open data


What is open data? And how does it play out in our everyday life?  The answer depends on who is asking – open data for government, citizens, researchers, and businesses can mean very different things. The people who created the Open Data Handbook describe it as “…data that can be freely used, re-used and redistributed by anyone – subject only, at most, to the requirement to attribute and share-alike.” For a more detailed definition, check this out: Open Definition 2.1. In 2016, the FORCE11 community released the Fair Data Principles, which have driven the open data discussion across many research communities. In the EU, this movement has developed into an implementation effort due to the GoFAIR Initiative. In the US, the Enabling FAIR Data Project is working to “develop standards that will connect researchers, publishers, and data repositories in the Earth, space, and environmental sciences to enable FAIR (findable, accessible, interoperable, and reusable) data on a large scale.”

So, open data can be:

  • Freely used (you can get your Facebook data, but it’s not free for anyone to use so it doesn’t count)
  • Re-used (it has to be in a format that anyone can download!)
  • Redistributed (it’s fine for you to modify the data and send it out again)
  • May sometimes require attribution and share-alike (check what attributions are expected/required before sharing– the “About” information will often have this)

How does this show up in our daily life? Often, governments will release data about their programs and processes (try searching Google for <[your city name] data portal>, without the carrots). Other sources of open data include sites such as Zillow and IMDB and Twitter, which will let you download the information they have and analyze it. How about this data set, in which you can find the most popular pet names (and types) in Seattle?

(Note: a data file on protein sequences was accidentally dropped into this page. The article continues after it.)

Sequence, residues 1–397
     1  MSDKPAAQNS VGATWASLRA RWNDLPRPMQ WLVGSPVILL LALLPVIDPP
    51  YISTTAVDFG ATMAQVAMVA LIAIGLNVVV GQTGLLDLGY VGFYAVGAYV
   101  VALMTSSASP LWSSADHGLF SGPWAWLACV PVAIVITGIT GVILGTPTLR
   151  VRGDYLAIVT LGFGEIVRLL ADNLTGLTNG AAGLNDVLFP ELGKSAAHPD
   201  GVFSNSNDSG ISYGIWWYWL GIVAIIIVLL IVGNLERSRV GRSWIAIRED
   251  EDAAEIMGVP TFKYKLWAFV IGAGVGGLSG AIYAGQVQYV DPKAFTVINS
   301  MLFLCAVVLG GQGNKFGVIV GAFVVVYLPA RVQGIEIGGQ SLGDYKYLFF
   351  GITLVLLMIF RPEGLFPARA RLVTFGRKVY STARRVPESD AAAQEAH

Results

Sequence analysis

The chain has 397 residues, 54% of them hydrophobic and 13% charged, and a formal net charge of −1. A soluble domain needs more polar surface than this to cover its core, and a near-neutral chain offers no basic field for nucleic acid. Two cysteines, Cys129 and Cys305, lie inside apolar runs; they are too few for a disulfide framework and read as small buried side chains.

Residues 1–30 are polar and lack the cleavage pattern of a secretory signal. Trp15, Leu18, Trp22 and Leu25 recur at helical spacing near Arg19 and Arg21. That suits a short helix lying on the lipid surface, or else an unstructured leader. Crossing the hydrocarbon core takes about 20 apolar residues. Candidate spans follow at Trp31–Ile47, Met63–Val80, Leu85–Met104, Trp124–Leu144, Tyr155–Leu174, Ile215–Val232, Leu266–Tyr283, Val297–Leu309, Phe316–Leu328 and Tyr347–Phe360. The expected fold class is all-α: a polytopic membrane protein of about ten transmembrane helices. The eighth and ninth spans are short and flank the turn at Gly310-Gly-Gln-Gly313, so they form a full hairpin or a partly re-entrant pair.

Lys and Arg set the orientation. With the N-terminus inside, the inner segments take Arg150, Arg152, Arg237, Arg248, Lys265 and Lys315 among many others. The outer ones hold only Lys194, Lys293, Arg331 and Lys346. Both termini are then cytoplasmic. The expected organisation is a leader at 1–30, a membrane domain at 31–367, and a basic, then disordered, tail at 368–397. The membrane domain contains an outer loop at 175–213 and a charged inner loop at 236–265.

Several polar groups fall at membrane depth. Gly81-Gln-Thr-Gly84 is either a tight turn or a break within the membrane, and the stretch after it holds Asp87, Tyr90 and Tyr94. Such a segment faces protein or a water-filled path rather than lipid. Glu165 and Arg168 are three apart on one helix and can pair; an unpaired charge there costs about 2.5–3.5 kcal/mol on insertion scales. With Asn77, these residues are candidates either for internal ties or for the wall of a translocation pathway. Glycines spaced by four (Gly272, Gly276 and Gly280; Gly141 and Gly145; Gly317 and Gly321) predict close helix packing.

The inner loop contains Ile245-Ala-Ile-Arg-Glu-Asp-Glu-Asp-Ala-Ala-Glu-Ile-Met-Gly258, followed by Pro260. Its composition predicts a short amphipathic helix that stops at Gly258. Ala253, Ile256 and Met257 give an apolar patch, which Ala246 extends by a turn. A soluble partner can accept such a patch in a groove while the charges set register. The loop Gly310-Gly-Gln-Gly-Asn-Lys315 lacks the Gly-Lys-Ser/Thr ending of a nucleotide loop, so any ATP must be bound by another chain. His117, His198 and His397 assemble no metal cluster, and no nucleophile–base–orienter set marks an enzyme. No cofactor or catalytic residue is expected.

Other ways we come across data without even realizing it — for example, from PQ Systems:

  • Baseball
  • Beach temperatures
  • Graduation rates
  • Gas prices
  • Mortgage rates

And, data are in the news all the time!  When considering what we read, critical thinking is a must.

Since the late 2000’s, open data has become a topic of discussion across the globe. Increasingly, government data that was once difficult to access is now open for global citizens to use in education, business, and other aspects of our daily life. The variety of open data strategies varies from country to country.

Key resources

Key Questions

There is much debate about the theoretical and tangible benefits and risks of open data. The conversation has become increasingly nuanced as particular research and professional communities engage with the opportunities and barriers associated with making data open. Common questions include:

  • What types of data can be made open?
  • When should data be made open?
  • How can data be shared openly?
  • How can data authors get credit for the data they generate, manage, curate?


Activity #1: Hold a discussion about how to help developing countries build up the Open Data Kit (ODK). A great resource is Open data kit: tools to build information services for developing regions.

Activity #2: Explore the Institute of Museum and Library Services’ Public Libraries Survey 2016: State Profiles.  You can visually scan the data, or export it to another format and play with it in Excel or other program. What patterns do you see? Could you combine this data with another data set and find new patterns? How might you visualize the patterns? Do any stories emerge?

Activity #3: Check out the site , “a suite of easy-to-use web tools for beginners that introduce concepts of working with data”.  Check out a basic open data set (from your city or state’s open data portal, for example) or even a text file—how about newspaper reports from the day you were born? See what the Databasic tools do to help you understand your dataset better.

Activity #4: Contribute to the open knowledge base by coordinating a Wikidata event. Learn more about what Wikidata is, what it can do, and how others have contributed.

Activity #5: (For library workers) With your library leadership and colleagues, discuss what library data could be shared openly (in a responsible way) to improve service, gather support from your community, or communicate the value of your services. Are these data ready to be shared? Do the costs outweigh the benefits of preparing the data for sharing openly?